Embrace the single life. People often think to isolate a tulip or a peony but don’t extend the same courtesy to the chrysanthemum. I think it’s fatigue from doing the same thing all year, but don’t underestimate a new bloom’s power to make the familiar fresh.
Think beyond berries. I’m not a huge fan of mixing flowers with fruit and/or vegetables -- especially berries, which tend to scatter and stain. Artichokes and persimmons, on the other hand, add dimension without the maintenance hazard.
Or at least use them wisely. Rules were made to be broken, right? The berries in this arrangement act as a subtle anchor, not a theatrical ploy.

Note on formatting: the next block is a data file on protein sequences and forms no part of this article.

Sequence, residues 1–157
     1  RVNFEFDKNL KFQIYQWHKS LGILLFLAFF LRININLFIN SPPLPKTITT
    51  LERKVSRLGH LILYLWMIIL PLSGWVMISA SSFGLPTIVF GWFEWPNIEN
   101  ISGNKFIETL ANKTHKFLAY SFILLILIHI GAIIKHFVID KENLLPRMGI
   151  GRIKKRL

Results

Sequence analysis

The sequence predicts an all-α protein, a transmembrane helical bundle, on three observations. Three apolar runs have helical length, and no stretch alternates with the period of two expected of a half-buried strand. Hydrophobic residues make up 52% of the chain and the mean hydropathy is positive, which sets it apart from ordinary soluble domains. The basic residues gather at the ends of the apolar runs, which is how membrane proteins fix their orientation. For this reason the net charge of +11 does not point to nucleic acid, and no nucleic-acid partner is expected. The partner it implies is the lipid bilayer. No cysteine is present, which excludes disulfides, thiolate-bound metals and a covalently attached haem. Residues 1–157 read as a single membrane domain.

Give the leaves some love. Warm-weather arrangements are all about pops of color. Why not showcase the texture of flora come fall? These pink dahlias are stunning, but what I love most is the gorgeous texture of the leaves. When you see that kind of detail up close, you can appreciate why the changing trees look so beautiful from afar.
Add a Midas touch. You saw this one coming a mile away, didn’t you? I do love a metallic -- and a Chinese lantern, and an artful gourd panorama. The whole setup turns rustic materials into something luxurious.
Perk up with pastels. The colors may be similar, but this is hardly an Easter basket. A salad bowl, maybe -- kale is an edgy foil to soft silvers and pinks.
Get a little corny. I’ve always had a thing for Indian corn. This jewel-toned swag looks like a bouquet hung out to dry -- to deliciously moody results.
Shake your aster. This classic fall flower plays well with others. The all-purple gradient is regal, yet unexpected -- and I love the Asian-inspired pitcher.
Which one is your favorite? How do you like to use fall flowers?